Martin Newell’s Joy of Essex: Sizzling summer... it must be time for the Christmas single

Martin Newell

Martin Newell - Credit: Andrew Partridge

During this hot summmer weather, eagle-eared readers may recall that last week I mentioned rushing home to finish my recording of a Christmas song which I was late delivering. I’d just like to clarify that at the time, the song was late for next Christmas and not last Christmas. Christmas songs are very often written and recorded during high summer.

The classic 1973 hits by Slade and Wizzard, for example, were recorded in July and August, respectively. Welcome to the strange world of your Essex correspondent. This particular part of it began with a rather pleasant cycle ride through the Essex by-ways and ended with me deciding that since I’d mislaid my sleighbells, some heavily reverbed windbells would have to suffice.

Even a keen “studio rat” such as I, will tell you that there are lovelier things to do than being shut in an airless room all day in the middle of a heatwave trying to work up a Christmas atmosphere. But then, I like Christmas songs and I’ve never been known to turn down the chance of recording one. I’ve yet to have a Christmas hit, although we got pretty close in 2003, when Captain Sensible, myself and a bunch of other old miscreants released “Ere’s Your Xmas” a charity punk disc with rather more ramalama than ding-dong.

The video, produced by Sophie Ellis’s dad Robin Bextor, featured the glamour model Jo Guest, some Page 3 “stunnas”, and Nasty Nick from Big Brother. It really should have been a hit. My mum was rather thrilled to see it on breakfast TV anyway.

Back then, we laughed about our chances of having a hit but the winning Christmas number one that year was, mystifyingly, an utterly cheerless rendition of the old Tears for Fears hit, Mad World. Tricky customer, Johnny Chart-Success.

The Christmas song which I was slaving on last week is now finished and despatched to the States. It’s to appear on a charity compilation CD. Musicians and songwriters are forever being asked for such contributions. We don’t question it. We just do it. It all goes in the karma bank.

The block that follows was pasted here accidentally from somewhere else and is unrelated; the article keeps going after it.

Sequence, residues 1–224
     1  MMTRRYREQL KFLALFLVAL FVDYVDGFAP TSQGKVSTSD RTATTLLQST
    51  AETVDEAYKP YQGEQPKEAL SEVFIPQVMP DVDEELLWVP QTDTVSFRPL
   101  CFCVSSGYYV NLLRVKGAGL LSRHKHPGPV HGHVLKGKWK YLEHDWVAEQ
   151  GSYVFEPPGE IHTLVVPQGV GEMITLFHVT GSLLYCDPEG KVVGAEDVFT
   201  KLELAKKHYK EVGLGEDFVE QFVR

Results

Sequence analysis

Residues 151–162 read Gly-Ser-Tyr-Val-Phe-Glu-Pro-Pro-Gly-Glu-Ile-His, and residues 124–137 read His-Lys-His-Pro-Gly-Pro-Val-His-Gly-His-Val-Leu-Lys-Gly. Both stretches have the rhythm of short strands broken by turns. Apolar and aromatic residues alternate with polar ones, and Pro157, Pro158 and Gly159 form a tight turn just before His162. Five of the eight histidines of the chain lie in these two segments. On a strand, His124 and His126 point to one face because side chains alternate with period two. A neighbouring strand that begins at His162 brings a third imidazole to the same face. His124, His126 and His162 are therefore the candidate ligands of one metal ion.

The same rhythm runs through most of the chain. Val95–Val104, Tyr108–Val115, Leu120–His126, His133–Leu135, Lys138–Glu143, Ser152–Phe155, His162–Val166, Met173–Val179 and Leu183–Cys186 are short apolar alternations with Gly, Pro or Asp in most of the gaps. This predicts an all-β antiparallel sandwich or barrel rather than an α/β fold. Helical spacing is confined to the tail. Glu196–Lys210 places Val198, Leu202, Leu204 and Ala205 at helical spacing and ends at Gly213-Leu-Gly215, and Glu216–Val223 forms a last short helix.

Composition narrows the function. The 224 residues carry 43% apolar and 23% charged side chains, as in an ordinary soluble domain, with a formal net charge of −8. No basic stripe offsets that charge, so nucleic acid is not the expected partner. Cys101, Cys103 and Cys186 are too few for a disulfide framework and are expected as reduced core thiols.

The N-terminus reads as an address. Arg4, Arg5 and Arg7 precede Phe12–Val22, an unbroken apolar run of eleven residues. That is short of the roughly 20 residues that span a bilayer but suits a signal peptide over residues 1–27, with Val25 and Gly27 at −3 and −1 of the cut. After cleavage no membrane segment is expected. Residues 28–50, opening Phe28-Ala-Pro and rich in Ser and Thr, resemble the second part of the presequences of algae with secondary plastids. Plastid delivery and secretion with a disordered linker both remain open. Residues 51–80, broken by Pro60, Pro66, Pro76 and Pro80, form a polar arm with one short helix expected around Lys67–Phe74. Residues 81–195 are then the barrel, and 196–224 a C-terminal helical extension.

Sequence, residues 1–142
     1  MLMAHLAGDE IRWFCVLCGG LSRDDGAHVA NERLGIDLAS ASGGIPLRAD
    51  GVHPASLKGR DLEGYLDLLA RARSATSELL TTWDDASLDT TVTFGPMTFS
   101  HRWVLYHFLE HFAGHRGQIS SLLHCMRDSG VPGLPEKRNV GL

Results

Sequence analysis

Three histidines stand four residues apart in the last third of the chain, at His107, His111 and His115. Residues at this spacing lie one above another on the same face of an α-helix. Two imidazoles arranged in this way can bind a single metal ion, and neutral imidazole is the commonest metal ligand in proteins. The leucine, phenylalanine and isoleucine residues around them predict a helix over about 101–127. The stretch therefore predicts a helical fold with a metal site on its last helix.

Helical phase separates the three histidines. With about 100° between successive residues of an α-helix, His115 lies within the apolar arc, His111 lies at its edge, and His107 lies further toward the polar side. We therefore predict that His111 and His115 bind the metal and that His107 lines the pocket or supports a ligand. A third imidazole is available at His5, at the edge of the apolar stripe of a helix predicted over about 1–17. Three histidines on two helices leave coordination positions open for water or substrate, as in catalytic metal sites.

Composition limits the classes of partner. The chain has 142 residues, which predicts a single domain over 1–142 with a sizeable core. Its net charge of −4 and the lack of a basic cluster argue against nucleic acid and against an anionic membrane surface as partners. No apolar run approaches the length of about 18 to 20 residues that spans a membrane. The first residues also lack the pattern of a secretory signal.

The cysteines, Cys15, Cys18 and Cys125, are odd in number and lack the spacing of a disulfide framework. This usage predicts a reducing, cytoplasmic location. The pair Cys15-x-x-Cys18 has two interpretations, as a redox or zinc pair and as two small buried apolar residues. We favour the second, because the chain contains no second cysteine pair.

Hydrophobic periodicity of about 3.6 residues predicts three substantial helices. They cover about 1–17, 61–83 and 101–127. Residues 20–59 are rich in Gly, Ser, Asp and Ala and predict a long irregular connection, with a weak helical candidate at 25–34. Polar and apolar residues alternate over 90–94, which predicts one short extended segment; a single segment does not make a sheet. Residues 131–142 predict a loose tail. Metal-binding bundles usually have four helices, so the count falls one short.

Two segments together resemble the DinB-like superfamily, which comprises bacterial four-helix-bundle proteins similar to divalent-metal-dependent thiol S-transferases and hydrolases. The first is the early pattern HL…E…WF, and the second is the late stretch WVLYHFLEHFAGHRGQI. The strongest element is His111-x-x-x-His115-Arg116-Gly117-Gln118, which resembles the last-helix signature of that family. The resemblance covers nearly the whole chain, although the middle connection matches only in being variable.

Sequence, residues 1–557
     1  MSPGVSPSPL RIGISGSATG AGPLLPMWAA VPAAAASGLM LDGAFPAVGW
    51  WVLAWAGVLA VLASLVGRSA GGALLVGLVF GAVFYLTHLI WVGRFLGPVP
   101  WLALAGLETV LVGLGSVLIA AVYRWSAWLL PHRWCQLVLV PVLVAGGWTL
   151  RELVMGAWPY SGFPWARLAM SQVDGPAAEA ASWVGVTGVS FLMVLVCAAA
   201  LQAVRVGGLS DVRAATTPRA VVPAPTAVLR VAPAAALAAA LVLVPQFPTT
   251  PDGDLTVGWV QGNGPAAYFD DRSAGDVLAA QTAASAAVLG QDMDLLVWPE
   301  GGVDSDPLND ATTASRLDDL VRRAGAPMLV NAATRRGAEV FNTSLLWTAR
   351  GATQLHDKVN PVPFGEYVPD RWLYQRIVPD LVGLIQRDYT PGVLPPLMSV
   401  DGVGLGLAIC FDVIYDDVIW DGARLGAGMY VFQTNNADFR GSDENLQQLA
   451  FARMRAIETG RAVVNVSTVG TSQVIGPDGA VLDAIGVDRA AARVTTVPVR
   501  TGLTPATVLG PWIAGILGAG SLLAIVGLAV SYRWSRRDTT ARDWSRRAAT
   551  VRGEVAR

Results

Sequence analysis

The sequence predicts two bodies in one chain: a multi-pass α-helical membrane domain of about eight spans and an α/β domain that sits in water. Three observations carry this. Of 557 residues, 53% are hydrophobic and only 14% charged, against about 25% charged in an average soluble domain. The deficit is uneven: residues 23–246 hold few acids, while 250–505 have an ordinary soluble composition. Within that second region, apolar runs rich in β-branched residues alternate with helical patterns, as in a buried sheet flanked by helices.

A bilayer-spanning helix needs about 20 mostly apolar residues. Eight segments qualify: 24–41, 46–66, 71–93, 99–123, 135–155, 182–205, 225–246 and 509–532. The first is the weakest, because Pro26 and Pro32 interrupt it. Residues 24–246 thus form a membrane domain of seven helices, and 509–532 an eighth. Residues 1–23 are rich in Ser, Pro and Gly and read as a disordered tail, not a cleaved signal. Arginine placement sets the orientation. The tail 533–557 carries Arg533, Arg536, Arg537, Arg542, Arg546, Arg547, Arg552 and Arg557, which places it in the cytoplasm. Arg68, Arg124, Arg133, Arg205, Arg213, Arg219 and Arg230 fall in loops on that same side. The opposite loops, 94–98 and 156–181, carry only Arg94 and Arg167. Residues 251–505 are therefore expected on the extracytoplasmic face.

It’s worth noting here that plumbers, roofers and accountants are rarely subjected to such requests. I just thought that I’d bung that gem in for you, there. Considered it? Good. Let’s move on.

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The Christmas album concept is much more common in the States than it is in the UK – as is enthusiasm. It’s a cliché but the Yanks really are a lot more “can do” than we are. My American correspondent there is called Ray and lives in the state of New Jersey.

Ray whose record label Koolkat, specialises in re-releases of rather esoteric old pop records, including some of mine, asked various of his artistes if they’d be willing to contribute a track to a Christmas charity album. Still suffused in the fuzzy Pickwickian afterglow of Christmas, I agreed, taking the idea down and storing it away with the decorations.

In June, the official reminder arrived, with a deadline. What was once a speck on the horizon was now a great looming ocean liner. I sat down at the piano. Then I made a cup of coffee. Then I went to the laptop and looked up Marmion, a half-forgotten Walter Scott epic. That led me for some reason onto 15 minutes of watching old Ronettes videos on YouTube. Then I went over to the guitar and ended up trying to work out how Keith Richards played the riff for Can’t You Hear Me Knocking. Then I went back to the piano. Then I went for a bike ride. Then finally, I just sat down and wrote the thing. Because that’s what you do. It’s work.

The finished tune has a pentatonic scale, the sort of thing that liturgical songwriters used before the black keys on the piano were invented. My tune’s ancestry lies somewhere between God Rest Ye Merry Gentlemen and No Milk Today I suppose. Over the next few days I began recording bits and pieces. This, however was only the cake. Christmas songs are all about the icing and the decorations.

So that’s how I ended up in blazing July, curtains drawn, sitting trying to blend a “mystic Xmas wind” from my sound effects file with some wind-chimes. This was just one of many jobs to be done. At the end of day 2, I concluded that the song was OK but not quite “magical” yet.

I’m a bit of a garden-shed George Martin, I am, so on day 3 with sleeves rolled up, I went back in and concluded that we desperately needed an electric organ. I exhumed a faulty 35-year-old DX27 synthesiser from under my bed and found exactly what I was looking for; a vintage “club organ” sound. Drenched in echo it was perfect. Now we had Christmas. We really did.

As I opened the sash window to allow the air in, as if by magic, the sky clouded over, a cool wind began to blow and there were spots of rain in the air. This was a good omen. Someone up there seemed, half-heartedly at least, to be lending me a hand.

I mailed the final mix off to Ray. “I LOVE IT” he shouted back in his email. I poured a small brandy, wiped my brow with my forearm and whispered “Merry Christmas, Yoko” to myself.